B, C and now A

1st December 2013

The DWP is proposing a new type of pension scheme.

At present pension schemes can be broadly divided into two types:

Defined Benefit (DB) Schemes which typically offer a retirement income, or a specific level of pension savings, based on a formula related to an employee’s salary and/or the length of service in the scheme. The classic example is the occupational scheme that offers 1/60th final pensionable salary for each year of service.

Defined Contribution (DC) Schemes which are more akin to savings plans. A DC schemes builds up a fund from invested contributions that are converted to a pension at retirement. Personal pensions and the government’s default auto-enrolment scheme, NEST, are both DC arrangements.

DB schemes place inflation and investment risks solely with the employer and, as a consequence, have been disappearing from the private sector for some years – the latest report from the Pensions Regulator says less than one in seven private sector DB schemes still accept new members. In DC schemes, the risks are all left to the individual member, which can have unwelcome consequences if poor investment conditions coincide with their retirement date.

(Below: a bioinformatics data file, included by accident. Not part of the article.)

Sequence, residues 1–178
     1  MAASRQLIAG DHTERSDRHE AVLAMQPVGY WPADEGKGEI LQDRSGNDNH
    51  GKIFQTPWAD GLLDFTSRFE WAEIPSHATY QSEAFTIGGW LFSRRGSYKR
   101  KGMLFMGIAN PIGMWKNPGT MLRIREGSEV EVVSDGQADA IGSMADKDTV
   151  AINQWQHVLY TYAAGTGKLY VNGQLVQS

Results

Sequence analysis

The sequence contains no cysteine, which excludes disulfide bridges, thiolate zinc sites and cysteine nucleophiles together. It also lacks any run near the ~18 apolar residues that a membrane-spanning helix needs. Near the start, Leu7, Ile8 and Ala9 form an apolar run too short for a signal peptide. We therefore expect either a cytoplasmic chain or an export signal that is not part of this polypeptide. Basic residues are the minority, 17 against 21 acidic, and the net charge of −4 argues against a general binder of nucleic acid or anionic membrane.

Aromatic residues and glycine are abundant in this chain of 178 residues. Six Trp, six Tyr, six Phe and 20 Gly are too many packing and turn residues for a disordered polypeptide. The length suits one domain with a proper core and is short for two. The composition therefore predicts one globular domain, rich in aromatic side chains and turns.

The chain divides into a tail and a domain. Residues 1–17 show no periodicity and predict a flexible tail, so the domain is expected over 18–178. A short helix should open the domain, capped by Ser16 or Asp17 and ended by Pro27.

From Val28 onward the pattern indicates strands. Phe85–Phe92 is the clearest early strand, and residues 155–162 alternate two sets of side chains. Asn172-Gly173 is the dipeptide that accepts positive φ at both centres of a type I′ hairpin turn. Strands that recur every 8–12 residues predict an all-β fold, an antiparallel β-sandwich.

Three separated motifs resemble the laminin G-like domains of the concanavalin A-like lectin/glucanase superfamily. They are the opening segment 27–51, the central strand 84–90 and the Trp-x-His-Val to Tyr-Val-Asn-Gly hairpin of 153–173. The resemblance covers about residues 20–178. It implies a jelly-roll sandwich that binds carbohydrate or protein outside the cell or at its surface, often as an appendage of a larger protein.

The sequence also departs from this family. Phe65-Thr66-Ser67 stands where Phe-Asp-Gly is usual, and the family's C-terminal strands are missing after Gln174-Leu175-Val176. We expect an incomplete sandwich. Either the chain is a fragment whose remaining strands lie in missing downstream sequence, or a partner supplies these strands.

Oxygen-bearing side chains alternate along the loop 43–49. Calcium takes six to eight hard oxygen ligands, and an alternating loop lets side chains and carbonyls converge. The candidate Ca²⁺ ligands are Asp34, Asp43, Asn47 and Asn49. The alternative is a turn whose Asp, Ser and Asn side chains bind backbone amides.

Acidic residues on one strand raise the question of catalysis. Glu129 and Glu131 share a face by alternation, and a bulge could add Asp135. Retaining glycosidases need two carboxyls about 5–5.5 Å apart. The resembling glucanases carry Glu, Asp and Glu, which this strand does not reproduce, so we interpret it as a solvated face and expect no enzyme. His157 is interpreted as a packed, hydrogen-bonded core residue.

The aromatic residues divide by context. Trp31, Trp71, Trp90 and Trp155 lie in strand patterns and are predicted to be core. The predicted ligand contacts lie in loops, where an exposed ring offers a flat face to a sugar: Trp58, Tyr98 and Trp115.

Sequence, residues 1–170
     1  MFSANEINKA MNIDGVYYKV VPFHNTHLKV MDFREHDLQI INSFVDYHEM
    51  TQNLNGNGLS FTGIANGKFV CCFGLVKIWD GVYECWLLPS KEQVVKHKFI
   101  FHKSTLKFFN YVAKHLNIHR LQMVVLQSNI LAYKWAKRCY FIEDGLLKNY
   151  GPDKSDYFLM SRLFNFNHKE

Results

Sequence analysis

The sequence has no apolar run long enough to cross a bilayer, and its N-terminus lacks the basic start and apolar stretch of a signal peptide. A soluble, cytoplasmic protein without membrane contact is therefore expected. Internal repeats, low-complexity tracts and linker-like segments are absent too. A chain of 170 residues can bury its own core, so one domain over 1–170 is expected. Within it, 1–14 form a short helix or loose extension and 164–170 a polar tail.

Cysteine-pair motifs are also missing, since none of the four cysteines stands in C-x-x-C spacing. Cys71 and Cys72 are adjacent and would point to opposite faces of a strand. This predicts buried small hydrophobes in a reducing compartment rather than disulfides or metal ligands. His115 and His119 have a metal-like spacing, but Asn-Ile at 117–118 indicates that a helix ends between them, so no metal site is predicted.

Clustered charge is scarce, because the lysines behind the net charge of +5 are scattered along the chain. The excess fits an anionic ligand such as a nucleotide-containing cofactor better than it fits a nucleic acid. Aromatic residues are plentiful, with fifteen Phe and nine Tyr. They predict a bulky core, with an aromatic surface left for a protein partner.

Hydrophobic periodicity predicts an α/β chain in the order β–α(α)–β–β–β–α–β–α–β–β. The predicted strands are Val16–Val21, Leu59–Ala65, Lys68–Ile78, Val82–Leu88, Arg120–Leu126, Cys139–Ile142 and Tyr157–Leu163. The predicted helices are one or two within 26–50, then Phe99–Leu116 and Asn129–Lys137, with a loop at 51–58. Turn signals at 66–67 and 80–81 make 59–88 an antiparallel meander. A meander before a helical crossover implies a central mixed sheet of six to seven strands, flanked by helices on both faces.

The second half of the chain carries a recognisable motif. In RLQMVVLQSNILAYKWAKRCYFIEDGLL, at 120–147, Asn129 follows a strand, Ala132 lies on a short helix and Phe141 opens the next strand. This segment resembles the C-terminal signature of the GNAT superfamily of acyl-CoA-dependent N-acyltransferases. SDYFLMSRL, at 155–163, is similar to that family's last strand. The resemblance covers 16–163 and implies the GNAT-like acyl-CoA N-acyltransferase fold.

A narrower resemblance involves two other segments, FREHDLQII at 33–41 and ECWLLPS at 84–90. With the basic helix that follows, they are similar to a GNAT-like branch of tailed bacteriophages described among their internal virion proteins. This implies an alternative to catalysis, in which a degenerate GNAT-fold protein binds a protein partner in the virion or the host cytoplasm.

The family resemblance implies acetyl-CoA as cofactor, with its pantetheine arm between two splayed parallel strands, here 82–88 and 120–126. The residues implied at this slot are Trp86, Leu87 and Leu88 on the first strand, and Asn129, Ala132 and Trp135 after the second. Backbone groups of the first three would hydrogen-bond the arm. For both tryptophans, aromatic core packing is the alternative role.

The government, and in particular Steve Webb the Pensions Minister, have been struggling to find some form of compromise between DB and DC. The result, now put out for consultation by the DWP is DA – defined ambition. To quote the paper, “A DA scheme would be a scheme under which members are given some form of guarantee in respect of their pension, but not complete certainty of the level of income that they will receive from it in retirement, or when it would be paid.” For example, it is suggested that an occupational scheme could offer a guaranteed level pension, but leave any inflation-proofing as a discretionary benefit, to be reviewed each year. Similarly a scheme could promise a particular rate of pension accrual, but reserve the right to change the retirement age to reflect rising longevity.

The paper has only a brief consultation period of six weeks, with draft legislation promised in the New Year. How much interest employers and pension providers will take in developing DA remains to be seen, particularly with all the other developments going on in the pension area. For now, the prospect of DA will probably do little to stop the move to away from DB to DC.

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